Turmoil On Wall Street Trickles Into State Markets
By KENNETH R. GOSSELIN, Courant Staff Writer
February 24, 2008
For three years, sales of office buildings in and around Hartford set records for volume and price, fueled by no-fuss underwriting and easy money from Wall Street. n And 2007 appeared to be set on the same course, especially after the sale early in the year of a prime office property at Corporate Ridge in Rocky Hill that set a new per-square-foot record for the market south of Hartford. n But a slowdown soon hit — one that is likely to continue in the next year — as money from Wall Street all but dried up for real estate deals amid the subprime lending crisis that is still roiling the financial markets.
Although the subprime crisis is focused on the residential market, it has also taken a toll on the commercial real estate market, which, for the most part, had not suffered a downturn at the same time. Wall Street firms, hit hard by the crisis, abruptly tightened the spigot, severely restricting the flow of cash fueling both the home loan and commercial markets.
The slowdown is likely to affect not only office sales in the next year, but other commercial transactions involving industrial and retail properties. New development could also feel the pinch as financing becomes more difficult to obtain, commercial real estate experts said.
Concerns are also growing about whether the national economy is slipping into recession. Connecticut might be in a better position because the state's housing downturn was not as severe as elsewhere in the country. Still, some economic forecasts say that the state's job growth will slow this year and that by the end of 2009, there could be job losses.
Coming into 2008, the office leasing market in Greater Hartford remained healthy with relatively low vacancies. In markets east, west and south of Hartford, there was a shortage of prime, Class A space, so much so that landlords were able to get the upper hand in lease negotiations.
Downtown Hartford and the suburban market north of the city did not fare as well. Although downtown has had aggressive leasing by Travelers as it expands in the city, the central business district faces the loss of MetLife, which is moving to Bloomfield.
Overall leasing trends in Greater Hartford, however, remain favorable, said Patrick J. Mulready, a broker at commercial real estate firm CB Richard Ellis.
Healthy leasing and buildings filled with tenants are attractive to investors. Investors who buy properties hope that rents will rise as demand — born out of job growth — increases. The sales of recent years were a sign of confidence in the local economy and, some said, the redevelopment in downtown Hartford.
In 2007, office sales included the purchase of State House Square, a marquee office complex next to the Old State House in downtown Hartford, a transaction that demonstrates the rise in prices in recent years. The 845,000-square-foot complex sold for $115 a square foot, up from $87 a square foot three years earlier.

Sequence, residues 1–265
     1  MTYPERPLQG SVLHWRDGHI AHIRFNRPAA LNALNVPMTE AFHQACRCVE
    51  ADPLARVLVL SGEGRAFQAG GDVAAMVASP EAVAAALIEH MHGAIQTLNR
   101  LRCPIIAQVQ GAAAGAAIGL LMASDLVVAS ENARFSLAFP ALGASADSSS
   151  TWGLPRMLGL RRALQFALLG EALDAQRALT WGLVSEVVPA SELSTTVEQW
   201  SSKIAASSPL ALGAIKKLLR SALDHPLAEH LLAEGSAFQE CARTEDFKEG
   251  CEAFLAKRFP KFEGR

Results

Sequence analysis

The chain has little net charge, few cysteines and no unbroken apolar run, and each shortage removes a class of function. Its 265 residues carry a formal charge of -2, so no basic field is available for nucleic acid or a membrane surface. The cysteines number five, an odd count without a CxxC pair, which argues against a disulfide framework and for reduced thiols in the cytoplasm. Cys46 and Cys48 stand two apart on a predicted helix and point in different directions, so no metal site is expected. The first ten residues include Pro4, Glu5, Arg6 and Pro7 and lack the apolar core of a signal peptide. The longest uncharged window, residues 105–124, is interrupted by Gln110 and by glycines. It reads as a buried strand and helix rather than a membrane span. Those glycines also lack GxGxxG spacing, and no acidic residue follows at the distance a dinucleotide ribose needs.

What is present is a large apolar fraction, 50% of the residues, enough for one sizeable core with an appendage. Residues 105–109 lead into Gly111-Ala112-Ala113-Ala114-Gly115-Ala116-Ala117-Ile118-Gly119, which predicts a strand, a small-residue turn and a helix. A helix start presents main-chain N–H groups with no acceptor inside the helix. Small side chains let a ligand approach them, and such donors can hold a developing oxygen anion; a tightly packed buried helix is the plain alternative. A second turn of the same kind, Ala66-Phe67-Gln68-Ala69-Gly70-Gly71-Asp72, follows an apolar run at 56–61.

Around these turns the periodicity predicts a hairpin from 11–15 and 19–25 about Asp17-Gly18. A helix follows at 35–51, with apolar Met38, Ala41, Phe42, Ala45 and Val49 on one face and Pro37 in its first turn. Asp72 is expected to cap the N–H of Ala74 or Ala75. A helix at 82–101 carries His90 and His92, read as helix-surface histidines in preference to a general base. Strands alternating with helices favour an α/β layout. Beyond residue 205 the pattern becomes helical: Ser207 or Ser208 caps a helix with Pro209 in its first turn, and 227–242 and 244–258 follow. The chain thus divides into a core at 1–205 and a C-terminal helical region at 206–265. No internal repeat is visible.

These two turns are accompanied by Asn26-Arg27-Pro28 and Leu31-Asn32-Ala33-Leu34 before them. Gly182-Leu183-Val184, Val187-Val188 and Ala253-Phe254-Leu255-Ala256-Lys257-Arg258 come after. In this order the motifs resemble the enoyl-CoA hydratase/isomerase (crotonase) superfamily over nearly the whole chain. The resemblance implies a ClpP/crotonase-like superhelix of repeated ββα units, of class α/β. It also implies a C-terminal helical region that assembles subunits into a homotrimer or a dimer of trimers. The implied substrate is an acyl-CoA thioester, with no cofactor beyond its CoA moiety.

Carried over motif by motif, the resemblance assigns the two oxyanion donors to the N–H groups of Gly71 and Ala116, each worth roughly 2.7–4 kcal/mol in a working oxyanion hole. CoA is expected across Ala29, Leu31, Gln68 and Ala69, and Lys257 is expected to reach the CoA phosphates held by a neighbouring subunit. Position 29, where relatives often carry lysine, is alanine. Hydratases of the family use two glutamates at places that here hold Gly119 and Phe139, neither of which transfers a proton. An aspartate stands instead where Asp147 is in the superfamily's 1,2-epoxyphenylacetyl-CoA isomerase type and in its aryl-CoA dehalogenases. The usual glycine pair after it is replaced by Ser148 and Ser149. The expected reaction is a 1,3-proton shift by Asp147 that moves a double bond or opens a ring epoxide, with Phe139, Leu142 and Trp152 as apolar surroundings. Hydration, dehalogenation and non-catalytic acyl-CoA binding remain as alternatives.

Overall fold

Although office sales started out strong in 2007, the total value of the transactions fell by 17 percent, to $188 million, compared with 2006.
Experts say that potential buyers have become more hesitant because financing terms, including borrowing rates, are no longer as favorable. Lenders aren't willing to finance as big a portion of deals, forcing investors to put in more of their own equity or seek secondary financing, making deals more complex.
Just a year ago, Wall Street investment banks were more than willing to finance as much as 85 percent of a deal. Today, the most active commercial real estate lenders — life insurers and banks — are only willing finance between 65 percent and 75 percent, said Michael J. Riccio, senior director at CBRE/Melody in Hartford, the financing arm of CB Richard Ellis.
Riccio said that making up the difference isn't easy and can hurt the chances of a deal's going through quickly — or at all.
As Wall Street firms have stepped back from financing commercial real estate deals by raising borrowing rates, more inquiries have flooded into commercial banks. When Wall Street was a prime player, banks largely couldn't compete with the loose terms offered by Wall Street.
Now, commercial banks are fielding a growing number of inquiries about financing commercial projects.
That's been the case at Waterbury-based Webster Financial Corp.
"We're getting many more calls now," said Bill Wrang, senior vice president of commercial lending at Webster Financial, the parent of Webster Bank. "We've had many more requests for financing than we've had for several years."
Although the increase in business is obviously good, Wrang said that banks can't hope to entirely fill the void.
And, at least in New England, where a severe economic downturn in the early 1990s was caused partly by a collapse in commercial real estate, banks are likely to be far more cautious in their underwriting, Wrang said.
"There is a potential for the shortage of capital," Wrang said.
Reprinted with permission of the Hartford Courant.
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